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Browsing: Adams Family Correspondence, Volume 11


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Docno: ADMS-04-11-02-0134

Author: Adams, Abigail
Recipient: Adams, John
Date: 1796-04-18

Abigail Adams to John Adams

[salute] My Dearest Friend

What you will say, or think, I know not at the Wages I am obliged to give. they are not higher than mr Black and others are obliged to give, for I was determind not to be deceived by report, and Made inquiry of him Myself Bass & Savile give the same which is no less than 14 Dollors pr Month. things can never go on at this rate. I hired a Man on the 15 for one Month. he did not incline to engage further untill he had tried, his place, and I was easy, for such wages must command help. he is from plimton & lived two years with judge Sever of Kingston.1 as to Copland I know not yet whether he will remain, nor Do I care, only that perfect Strangers render it difficult for me, as I can not mount on Horse back as you can and direct. the Stone Wall you wrote about and which you left in Charge to Dr Tufts, he cannot get Done for 2 Dollors pr Rod Billings who is with Captain Beals is to come to me in three Weeks, and will build the wall himself. I think I had better hire him for one two or three Months, as he is so good a hand at such buisness & get it Done in that way.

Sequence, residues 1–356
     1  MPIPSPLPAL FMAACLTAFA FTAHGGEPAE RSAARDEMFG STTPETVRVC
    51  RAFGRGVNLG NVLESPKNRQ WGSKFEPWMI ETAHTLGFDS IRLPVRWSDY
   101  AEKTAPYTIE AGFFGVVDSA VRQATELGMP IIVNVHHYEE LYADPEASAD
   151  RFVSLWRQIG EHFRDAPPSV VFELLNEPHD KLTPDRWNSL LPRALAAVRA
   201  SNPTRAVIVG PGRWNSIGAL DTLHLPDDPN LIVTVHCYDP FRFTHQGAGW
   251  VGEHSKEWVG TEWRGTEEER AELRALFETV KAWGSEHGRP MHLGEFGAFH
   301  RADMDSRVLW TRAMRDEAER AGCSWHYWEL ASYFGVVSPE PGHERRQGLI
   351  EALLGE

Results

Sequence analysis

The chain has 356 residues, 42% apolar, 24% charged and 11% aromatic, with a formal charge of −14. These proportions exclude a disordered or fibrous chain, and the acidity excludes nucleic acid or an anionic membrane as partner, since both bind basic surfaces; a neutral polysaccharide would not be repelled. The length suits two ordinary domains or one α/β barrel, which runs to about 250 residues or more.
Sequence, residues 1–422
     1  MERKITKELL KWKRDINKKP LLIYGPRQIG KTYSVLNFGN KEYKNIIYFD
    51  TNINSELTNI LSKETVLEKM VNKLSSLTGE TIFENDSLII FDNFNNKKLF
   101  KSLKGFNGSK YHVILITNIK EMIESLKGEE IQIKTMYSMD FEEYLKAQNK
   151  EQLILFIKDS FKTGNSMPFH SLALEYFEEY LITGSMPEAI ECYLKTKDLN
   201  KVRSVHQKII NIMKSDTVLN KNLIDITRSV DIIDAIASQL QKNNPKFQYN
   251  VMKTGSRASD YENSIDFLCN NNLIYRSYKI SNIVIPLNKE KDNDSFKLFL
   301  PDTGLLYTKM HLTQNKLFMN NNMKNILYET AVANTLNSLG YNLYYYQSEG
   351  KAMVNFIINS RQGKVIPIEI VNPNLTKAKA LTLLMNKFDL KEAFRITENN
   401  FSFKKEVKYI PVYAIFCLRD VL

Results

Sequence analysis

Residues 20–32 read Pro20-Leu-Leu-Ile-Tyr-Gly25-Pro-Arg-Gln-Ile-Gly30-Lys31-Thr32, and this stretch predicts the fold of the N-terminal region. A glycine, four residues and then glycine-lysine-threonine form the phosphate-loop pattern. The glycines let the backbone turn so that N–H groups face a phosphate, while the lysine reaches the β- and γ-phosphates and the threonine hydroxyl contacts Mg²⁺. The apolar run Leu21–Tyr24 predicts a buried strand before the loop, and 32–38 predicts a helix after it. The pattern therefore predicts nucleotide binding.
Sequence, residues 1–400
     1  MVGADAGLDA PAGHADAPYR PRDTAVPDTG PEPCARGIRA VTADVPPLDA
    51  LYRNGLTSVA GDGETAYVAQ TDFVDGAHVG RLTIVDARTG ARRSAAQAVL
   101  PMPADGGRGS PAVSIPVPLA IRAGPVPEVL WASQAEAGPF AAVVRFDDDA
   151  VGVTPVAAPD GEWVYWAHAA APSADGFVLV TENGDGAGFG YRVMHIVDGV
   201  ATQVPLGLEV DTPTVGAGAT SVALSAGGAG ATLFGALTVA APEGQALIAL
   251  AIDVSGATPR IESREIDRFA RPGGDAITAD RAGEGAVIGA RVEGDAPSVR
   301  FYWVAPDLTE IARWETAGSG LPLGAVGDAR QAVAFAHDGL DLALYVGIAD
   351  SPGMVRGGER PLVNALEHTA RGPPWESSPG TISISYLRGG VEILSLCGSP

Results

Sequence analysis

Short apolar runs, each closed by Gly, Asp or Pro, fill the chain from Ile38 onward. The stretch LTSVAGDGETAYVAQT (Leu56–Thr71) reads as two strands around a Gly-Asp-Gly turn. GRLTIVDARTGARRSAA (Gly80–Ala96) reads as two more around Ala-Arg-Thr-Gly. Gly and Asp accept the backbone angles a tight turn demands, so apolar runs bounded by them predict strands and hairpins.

Your Brother came to inform me that mr Jonathan Marsh had the care of the Land belonging to the Heirs of Hayden who own the Land You improve, and that they are of Age & offer it at Seven pounds pr acre 13 acres they say if you do not purchase it is to be { 256 } sold at Auction. I shall get Dr Tufts to see mr Marsh, and wish to receive your orders about it. our season is rather cold and Dry our people are plowing upon the Hill in order to sew as soon as they can. the peice before the House for corn must be twice Harrowd, in order to break it to sufficiently. I shall go on as well as I can; you see the difficulties—
return our sons Letter.2 the Throat distemper has abated. I do not know any person sick with it. I forgot to tell you that after repeated Tarrings in various places, & at different times, not a Millir or Slug appears—
Yours as ever—
[signed] A Adams—
I am much better
RC (Adams Papers); addressed by Louisa Catharine Smith: “The Vice President of the / United States / Philadelphia”; endorsed: “Mrs A. Ap. 18. Ansd 24 / 1796.”
1. William Sever (1729–1809), Harvard 1745, lived in Kingston, Mass., and was a judge on the Court of Common Pleas for over thirty years (Sibley’s Harvard Graduates, 11:575–578).
2. That is, JQA to AA, 6 Jan. 1796, above, which AA enclosed in her letter to JA of 15 April (Adams Papers).
Cite web page as: Founding Families: Digital Editions of the Papers of the Winthrops and the Adamses, ed.C. James Taylor. Boston: Massachusetts Historical Society, 2017.
http://www.masshist.org/apde2/